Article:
Maybe you don’t see yourself as holy and blameless. But God does.

So whose opinion matters more? Yours or God’s? And if your opinion of yourself doesn’t line up with God’s opinion of you…who needs to adjust?

One last thing–if you have never placed your faith in Christ, then you need to know God doesn’t see you as holy and blameless. Read Ephesians 2:1-6 and you’ll see that you are an object of God’s wrath. Your sin has separated you from Him. And a holy and righteous God cannot let sin go unpunished. Either you will have to pay for it or you can receive the gift of forgiveness Christ offers. It’s a choice we all get to make.


Grace and Peace

I realized a number of years ago that I really don’t want to walk by faith. That’s a problem because God says things like:

“We live by faith, not by sight.” 2 Corinthians 5:17

“And without faith it is impossible to please God…” Hebrews 11:6

Walking or living by faith means I won’t always see how things are going to work out. That’s a really uncomfortable place to be. And I don’t like being uncomfortable. I suspect you don’t either.

I like being comfortable and I always want to see how things are going to work out. Actually, that’s not true. I don’t want to see how things are going to work out–I want things to already be worked out. I don’t want to trust God to supply what I need. I want to already have all I need. Don’t you?

And yet, that’s just not the way life works. I used to hold onto this fantasy world in which God’s sole objective was to make my life more comfortable, to make my circumstances more enjoyable, to meet all my needs and most of my wants. But since that’s not real life, I’ve had to work on letting that fantasy go. It hasn’t been easy.

But when we let go of the fantasy that a loving God would never allow pain or difficulties, we’re faced with a world in which tornadoes wipe out whole towns. Some babies are born with severe birth defects. Businesses fail in spite of hard work. Loved ones die in car accidents. Investments decline in value. Cancer takes family members from us. And “bad” people seem to have it better than the “good” people. And we’re faced with a God who’s willing to let all that happen.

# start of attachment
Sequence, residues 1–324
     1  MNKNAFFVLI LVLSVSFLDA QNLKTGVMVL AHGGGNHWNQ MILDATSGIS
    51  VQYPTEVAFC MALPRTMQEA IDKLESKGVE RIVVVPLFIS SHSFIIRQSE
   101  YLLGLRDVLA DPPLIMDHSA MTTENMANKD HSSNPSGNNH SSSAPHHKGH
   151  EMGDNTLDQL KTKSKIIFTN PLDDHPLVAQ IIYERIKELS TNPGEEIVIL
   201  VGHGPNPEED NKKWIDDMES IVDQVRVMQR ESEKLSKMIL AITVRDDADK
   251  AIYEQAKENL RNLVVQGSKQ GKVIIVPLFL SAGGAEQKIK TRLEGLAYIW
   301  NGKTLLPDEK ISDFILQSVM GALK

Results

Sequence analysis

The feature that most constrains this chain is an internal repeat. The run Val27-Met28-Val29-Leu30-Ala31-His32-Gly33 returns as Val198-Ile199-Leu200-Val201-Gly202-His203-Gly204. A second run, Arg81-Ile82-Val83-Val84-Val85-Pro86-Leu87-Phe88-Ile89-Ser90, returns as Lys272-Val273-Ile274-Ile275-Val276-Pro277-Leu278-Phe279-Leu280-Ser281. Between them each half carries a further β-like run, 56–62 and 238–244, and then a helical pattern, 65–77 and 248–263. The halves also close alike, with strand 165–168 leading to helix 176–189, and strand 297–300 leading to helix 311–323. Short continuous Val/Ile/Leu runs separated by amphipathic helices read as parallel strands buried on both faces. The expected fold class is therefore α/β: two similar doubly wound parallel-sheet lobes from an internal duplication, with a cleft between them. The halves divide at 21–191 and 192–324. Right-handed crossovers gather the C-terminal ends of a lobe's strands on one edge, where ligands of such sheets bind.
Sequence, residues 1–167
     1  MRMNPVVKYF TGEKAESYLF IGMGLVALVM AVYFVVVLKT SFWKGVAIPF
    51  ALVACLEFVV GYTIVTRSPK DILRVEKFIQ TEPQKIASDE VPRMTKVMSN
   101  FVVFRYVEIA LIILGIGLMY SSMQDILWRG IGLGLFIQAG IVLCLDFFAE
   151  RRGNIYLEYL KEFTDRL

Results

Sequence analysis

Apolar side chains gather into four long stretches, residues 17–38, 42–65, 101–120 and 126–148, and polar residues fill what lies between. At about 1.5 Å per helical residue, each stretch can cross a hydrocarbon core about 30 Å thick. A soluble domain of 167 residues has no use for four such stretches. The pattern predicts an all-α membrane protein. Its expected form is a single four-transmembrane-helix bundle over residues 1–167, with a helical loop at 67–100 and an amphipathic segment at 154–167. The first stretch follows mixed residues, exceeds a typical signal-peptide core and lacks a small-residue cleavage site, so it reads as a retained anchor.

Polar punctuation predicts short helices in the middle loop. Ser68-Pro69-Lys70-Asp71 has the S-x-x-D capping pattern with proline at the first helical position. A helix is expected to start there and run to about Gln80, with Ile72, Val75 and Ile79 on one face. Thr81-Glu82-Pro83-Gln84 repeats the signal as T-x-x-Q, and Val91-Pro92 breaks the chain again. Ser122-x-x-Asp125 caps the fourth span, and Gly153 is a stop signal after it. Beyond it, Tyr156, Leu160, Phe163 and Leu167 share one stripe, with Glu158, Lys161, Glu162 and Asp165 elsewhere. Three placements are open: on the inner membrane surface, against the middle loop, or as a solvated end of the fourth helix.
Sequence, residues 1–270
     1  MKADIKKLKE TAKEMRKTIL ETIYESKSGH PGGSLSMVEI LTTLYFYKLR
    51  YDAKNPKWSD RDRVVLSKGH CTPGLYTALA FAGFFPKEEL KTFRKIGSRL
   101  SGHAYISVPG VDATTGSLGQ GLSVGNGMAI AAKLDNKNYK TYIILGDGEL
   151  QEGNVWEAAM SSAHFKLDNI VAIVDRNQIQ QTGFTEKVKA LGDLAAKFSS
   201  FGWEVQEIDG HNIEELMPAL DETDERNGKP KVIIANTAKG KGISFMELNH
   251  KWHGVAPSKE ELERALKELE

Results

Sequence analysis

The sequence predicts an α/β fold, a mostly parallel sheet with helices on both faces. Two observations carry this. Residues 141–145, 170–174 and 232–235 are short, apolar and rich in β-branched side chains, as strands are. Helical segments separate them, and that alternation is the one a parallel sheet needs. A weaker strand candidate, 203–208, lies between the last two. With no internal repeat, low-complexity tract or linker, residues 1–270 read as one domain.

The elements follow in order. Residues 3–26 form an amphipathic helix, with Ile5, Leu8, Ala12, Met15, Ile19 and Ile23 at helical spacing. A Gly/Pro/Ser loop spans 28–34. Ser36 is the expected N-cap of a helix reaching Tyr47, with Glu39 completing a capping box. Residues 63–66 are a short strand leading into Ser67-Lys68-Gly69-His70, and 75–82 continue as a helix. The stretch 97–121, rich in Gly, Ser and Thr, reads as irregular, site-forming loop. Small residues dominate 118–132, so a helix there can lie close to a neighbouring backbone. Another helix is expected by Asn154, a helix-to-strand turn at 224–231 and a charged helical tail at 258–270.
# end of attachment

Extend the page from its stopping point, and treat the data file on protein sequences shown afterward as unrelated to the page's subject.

Is there any hope? In this life, I mean. For those who follow Jesus, we know there’s the hope of heaven. But what about now? Are there any guarantees? Is there anything I can count on when the bottom drops out of life?

The second verse of Paul’s letter to the Ephesians, says, “Grace and peace to you from God our Father and the Lord Jesus Christ.”

Would I love to live in a world without pain and problems and broken dreams? Absolutely. And that day is coming.  I don’t believe God has given up on His plan to live on earth with us in a world free of pain and problems and death. (Read Genesis 1 and 2 and Revelation 21 and 22–the first two and last two chapters of the Bible.) One day, God will restore creation to its original design.

Until then, we can experience His grace and peace. They are ours in abundance and are found in a relationship with Him through Christ. God’s grace and peace aren’t dependent on circumstances. They are available to us when everything around us is crumbling.

Grace and peace are available to us, but I believe we can short-circuit them by continuing to focus on our circumstances rather than on Jesus. I can get my eyes so firmly set on what I see happening (or not happening) around me, that God begins to feel far away, uninvolved and uncaring.

We can choose to see our circumstances through God’s eyes–that’s walking by faith. Or we can choose to see God through our circumstances–that’s walking by sight. Only one of those ways yields grace and peace.

God’s grace and peace are yours, but sometimes you have to battle to receive them…and battle to keep them. And we’ll look at that tomorrow.